or
Calculating the residual *r* to be *ADs*, the
gradient directions for *A* and *s* are

One important consideration is the shape of the filter. For this problem, the shape of the filter is chosen to be (assuming one dip direction):

There are no free coefficients in the first column, so that no prediction is done along the time axis in a trace () . This is important because we want the method to "see" only lateral variations.
The regression has the trivial answer *s*=0. To avoid this, the
condition

Low frequency artifacts

Least squares inversions are effective at removing large singular errors. Low frequency trends, however, are more difficult. Frequently this method produces outputs with spurious low frequency amplitude variations along events. I have found that simply scaling the columns in the filter will solve this problem, but this forces amplitudes to be constant along events, which is a mistake if we wish to preserve any AVO effects which may be present in the data. Instead, using the criterion that low frequency amplitude variations should come from the data and not from the scale factors, and assuming that scale anomalies are randomly distributed in space, we can filter the vector of scale factors with a filter of the form:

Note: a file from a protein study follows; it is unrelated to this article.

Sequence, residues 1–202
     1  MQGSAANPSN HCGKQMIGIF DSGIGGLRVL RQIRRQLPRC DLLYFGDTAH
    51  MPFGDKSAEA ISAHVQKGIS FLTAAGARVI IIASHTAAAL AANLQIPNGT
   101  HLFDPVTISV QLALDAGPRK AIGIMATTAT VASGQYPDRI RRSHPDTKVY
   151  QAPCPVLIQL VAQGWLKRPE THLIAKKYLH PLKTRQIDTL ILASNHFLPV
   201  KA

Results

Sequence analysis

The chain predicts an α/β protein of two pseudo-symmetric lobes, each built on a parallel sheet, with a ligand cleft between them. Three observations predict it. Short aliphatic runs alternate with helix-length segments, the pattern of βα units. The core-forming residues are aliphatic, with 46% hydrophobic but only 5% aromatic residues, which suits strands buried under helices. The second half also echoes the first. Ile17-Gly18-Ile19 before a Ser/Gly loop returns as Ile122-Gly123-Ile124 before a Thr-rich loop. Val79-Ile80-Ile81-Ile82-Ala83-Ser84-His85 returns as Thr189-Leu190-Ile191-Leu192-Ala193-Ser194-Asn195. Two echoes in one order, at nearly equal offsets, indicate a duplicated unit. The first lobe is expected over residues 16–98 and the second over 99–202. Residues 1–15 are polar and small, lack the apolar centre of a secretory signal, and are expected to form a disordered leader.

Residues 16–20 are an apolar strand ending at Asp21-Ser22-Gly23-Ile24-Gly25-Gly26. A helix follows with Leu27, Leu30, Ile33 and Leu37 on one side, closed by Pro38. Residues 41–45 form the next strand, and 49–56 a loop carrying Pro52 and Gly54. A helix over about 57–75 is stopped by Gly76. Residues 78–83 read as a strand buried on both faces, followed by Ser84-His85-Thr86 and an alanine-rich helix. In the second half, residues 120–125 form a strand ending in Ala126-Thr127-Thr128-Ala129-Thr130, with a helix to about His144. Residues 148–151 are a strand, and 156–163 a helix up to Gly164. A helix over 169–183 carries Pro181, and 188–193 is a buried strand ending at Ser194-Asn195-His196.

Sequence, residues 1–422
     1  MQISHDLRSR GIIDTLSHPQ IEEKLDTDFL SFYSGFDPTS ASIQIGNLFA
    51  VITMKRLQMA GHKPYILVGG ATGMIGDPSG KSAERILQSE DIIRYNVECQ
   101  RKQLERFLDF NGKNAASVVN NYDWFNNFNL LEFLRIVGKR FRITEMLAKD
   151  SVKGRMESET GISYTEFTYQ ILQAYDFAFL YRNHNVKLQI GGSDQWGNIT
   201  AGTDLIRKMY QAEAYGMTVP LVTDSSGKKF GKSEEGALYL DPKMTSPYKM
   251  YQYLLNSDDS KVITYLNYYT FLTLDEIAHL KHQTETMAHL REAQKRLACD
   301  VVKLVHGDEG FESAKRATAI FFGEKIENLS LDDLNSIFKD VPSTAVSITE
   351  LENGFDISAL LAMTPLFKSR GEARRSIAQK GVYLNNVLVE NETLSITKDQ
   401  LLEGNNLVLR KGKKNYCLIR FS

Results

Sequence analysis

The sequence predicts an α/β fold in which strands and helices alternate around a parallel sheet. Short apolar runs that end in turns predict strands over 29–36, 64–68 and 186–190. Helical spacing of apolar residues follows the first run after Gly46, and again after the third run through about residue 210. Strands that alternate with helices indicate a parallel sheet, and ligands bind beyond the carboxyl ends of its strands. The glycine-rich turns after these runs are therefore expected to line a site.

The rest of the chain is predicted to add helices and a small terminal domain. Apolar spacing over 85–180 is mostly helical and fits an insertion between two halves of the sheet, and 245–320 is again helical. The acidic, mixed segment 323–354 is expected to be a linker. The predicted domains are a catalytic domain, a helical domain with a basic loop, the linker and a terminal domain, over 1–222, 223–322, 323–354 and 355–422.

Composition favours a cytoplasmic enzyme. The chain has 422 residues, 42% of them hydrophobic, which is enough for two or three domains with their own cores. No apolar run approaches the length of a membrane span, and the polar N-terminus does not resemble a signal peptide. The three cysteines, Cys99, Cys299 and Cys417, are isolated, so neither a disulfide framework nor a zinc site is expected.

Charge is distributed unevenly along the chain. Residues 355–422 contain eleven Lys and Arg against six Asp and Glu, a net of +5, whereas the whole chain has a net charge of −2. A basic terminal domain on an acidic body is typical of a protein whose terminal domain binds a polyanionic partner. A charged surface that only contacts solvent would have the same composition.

And add the regression: Where is a weighting parameter and the filterThe added regression does a good job of supressing low frequency artifacts, though in some cases it does inhibit the overall ability of the method to deal with single large scale anomalies. Because the code takes very little time to run (seconds to a minute for the example presented below), I apply it two or three times in succession with decreasing values of .This application of the method has shown significantly reduced susceptibility to low frequency artifacts in the examples I have tested.

Divergence

In every test I have run with this method on synthetics, the problem has eventually diverged. This is not very surprising when one considers the degree to which the scale factors and filter coefficients depend on one another, and the fact that both are found simultaneously. Several minor adjustments to the conjugate gradient solver make it slightly more robust, and make it possible to extract the best answer reached before divergence, rather than the final answer.

The first of these modifications is a change from our normal implementation of the conjugate gradient approach
to one that *resets* when it runs into
trouble. That is, in the event that after any
iteration the residual has increased rather than decreased, one iteration of steepest